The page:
The undermining of the U.S. economic system, based on free markets backed by individual and corporate rights, seems likely to intensify in the lead-up to the November 2020 election.
Today, Saez is the guiding mind behind Sanders, crunching the numbers and providing the theoretical backbone for the candidate’s plan to redistribute billionaire wealth to the people, including “the middle class.” In a paper tied to the Sanders plan, Saez and an associate described how the Sanders wealth tax could raise $4.35 trillion over a decade and “fully eliminate the gap between wealth growth for billionaires and wealth growth for the middle class.”
Saez, who has been promoting Canadian and U.S. inequality for more than a decade, begins his Sanders paper with a false premise: “Democracies become oligarchies when wealth is too concentrated.” But America is not an oligarchy. Russia is an oligarchy. China is an oligarchy. Half the United Nations members are thuggish and undemocratic oligarchies. American billionaires and owners of wealth gained most of their wealth through open and free market activity.
Nobody is forced to buy products through Amazon or log on to Facebook. From Henry Ford and Andrew Carnegie to Mark Zuckerberg, Bill Gates and Jeff Bezos, American billionaires operated in a market economy that allowed them to invest in and develop products and services that enriched the lives of billions of people around the world.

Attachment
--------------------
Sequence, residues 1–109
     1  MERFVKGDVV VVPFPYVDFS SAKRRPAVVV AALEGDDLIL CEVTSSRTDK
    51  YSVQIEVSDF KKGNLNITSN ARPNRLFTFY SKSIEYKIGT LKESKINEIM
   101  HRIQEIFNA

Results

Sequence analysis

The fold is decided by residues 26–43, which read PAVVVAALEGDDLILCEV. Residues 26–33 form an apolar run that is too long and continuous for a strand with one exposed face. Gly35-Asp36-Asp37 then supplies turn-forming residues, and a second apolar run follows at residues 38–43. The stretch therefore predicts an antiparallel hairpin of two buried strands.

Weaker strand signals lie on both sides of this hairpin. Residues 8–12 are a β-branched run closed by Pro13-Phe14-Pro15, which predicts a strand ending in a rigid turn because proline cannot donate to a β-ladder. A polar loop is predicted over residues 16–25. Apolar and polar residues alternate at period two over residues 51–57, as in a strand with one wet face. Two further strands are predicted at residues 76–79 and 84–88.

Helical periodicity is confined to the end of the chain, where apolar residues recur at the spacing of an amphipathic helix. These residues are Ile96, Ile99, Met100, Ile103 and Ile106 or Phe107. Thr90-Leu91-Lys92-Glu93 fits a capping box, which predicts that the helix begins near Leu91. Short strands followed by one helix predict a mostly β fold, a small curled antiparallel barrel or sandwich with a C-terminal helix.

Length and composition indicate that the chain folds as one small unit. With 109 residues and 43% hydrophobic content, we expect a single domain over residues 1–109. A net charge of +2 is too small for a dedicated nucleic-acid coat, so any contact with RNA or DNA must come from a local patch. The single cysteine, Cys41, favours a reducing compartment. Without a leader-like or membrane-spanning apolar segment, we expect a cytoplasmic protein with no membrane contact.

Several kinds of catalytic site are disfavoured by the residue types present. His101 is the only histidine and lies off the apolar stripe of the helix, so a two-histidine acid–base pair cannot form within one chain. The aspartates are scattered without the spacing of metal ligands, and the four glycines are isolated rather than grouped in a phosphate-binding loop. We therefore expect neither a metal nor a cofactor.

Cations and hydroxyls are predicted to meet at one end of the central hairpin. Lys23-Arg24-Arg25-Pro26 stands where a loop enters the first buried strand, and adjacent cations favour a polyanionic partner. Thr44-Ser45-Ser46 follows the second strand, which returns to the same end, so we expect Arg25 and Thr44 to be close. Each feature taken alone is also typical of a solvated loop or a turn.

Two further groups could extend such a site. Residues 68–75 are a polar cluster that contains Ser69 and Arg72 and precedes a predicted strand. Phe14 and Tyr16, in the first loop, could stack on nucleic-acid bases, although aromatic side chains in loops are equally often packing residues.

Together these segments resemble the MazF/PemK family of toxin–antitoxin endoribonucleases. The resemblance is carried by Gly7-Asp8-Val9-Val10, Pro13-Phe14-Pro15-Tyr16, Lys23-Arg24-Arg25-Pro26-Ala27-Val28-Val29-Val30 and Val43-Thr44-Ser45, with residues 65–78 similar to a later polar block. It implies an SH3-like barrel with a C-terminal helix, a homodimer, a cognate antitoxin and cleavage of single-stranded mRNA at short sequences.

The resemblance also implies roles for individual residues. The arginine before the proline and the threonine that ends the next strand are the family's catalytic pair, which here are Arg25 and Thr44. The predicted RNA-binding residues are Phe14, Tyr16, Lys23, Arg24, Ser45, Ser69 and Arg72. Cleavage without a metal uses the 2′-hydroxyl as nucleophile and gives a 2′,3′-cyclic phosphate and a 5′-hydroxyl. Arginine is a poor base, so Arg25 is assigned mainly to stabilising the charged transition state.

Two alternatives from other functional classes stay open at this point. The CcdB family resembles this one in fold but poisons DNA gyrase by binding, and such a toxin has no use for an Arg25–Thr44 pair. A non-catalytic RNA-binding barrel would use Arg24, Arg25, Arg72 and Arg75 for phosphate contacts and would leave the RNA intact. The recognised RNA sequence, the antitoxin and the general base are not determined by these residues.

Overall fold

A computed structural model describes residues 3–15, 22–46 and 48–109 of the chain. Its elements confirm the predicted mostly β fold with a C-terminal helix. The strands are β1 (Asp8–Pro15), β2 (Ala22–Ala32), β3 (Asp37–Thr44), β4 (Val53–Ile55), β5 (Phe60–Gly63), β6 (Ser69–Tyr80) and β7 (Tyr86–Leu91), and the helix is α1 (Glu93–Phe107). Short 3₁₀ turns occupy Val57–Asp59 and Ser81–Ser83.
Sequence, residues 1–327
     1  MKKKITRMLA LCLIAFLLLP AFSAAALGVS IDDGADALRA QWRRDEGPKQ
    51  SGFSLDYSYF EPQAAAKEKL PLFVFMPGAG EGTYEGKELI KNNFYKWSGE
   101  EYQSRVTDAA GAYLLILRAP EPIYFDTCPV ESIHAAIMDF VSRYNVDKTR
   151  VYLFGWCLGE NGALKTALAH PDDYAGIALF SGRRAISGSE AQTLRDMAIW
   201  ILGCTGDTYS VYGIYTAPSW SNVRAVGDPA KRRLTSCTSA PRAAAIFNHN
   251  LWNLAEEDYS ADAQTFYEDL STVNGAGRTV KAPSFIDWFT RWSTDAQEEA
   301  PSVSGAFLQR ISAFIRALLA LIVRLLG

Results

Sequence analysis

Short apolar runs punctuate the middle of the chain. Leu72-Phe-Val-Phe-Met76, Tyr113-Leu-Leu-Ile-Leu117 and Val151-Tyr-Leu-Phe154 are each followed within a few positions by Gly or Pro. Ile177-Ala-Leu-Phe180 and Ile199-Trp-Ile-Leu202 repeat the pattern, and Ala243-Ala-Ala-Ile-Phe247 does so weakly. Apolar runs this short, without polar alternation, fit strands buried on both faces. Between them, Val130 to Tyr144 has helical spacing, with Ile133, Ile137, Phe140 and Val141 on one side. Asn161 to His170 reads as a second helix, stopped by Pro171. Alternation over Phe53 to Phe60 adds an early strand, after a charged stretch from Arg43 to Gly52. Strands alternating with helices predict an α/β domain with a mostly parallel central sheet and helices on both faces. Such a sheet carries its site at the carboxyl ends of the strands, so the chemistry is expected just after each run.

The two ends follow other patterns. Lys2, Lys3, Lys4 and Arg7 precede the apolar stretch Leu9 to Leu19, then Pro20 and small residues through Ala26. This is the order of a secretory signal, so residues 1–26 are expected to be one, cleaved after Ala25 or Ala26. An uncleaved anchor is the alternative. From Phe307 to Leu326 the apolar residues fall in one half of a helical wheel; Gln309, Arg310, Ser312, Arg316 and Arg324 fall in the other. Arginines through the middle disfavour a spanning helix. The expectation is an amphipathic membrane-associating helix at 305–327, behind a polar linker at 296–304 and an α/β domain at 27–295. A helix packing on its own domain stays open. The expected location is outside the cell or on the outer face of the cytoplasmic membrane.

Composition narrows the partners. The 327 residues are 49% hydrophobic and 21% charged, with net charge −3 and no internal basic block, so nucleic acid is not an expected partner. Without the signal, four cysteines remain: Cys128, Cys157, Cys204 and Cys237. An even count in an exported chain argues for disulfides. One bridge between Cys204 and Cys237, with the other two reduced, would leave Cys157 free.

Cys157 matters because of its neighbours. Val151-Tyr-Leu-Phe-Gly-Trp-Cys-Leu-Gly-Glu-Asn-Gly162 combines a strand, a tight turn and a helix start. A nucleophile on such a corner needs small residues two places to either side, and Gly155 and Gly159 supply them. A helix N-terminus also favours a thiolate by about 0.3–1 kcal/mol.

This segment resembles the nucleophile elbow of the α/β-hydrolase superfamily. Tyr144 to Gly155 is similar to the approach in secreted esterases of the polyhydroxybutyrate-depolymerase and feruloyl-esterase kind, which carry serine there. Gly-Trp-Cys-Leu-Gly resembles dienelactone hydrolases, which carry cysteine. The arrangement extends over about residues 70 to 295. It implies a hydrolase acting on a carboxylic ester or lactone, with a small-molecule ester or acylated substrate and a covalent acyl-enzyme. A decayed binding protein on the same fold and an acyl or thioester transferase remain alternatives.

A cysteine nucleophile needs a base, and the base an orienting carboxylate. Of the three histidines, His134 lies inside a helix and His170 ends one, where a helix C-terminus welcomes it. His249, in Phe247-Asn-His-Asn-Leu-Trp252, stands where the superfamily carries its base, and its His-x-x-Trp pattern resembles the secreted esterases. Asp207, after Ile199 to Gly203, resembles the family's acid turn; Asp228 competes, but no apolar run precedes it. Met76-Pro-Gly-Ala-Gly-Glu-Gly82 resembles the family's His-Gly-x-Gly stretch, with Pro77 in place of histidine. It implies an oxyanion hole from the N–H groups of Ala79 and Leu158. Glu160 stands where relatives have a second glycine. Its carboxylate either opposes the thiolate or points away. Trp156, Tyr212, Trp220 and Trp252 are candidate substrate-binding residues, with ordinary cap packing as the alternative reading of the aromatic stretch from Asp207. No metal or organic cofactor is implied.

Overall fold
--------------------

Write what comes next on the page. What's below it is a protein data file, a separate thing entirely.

Are the billionaires ready to take on the fight?
The politicians who now aim to wipe out billionaires have themselves accomplished nothing. All they know is how to seize income and wealth that has been acquired freely and honestly and redistribute it to voters who have been conned into believing that the wealthy achieved their wealth by virtue of being part of an oligarchy.
The idea that U.S. billionaires are immoral exploiters of the poor and middle class will likely gain momentum in 2020 through to the election. In March, as the election moves into high gear, the English version of Piketty’s latest socialist blueprint will be published.
Titled Capital And Ideology, Piketty’s new book is reported to be a 1,200-page crucifixion of capitalism and the wealth creation it fosters. Under Piketty’s economic and political revolution, billionaires would be taxed out of existence.
Other Piketty proposals include requirements that employees control 50 per cent of corporate boards and that the votes of large shareholders be limited to 10 per cent; and that large properties be taxed up to 90 per cent.
Together, Saez and Piketty have been at the heart of the billionaire-bashing inequality movement. They were partners in the past: they co-authored a 2003 paper, Income Inequality in the United States, 1913-1998. Saez is the intellectual behind Sanders, and two former Piketty aides are said to have worked with Warren on her plans.
America’s billionaires, and all who appreciate the benefits of a capitalist market economy, have a fight on their hands. Are the billionaires ready to take it on?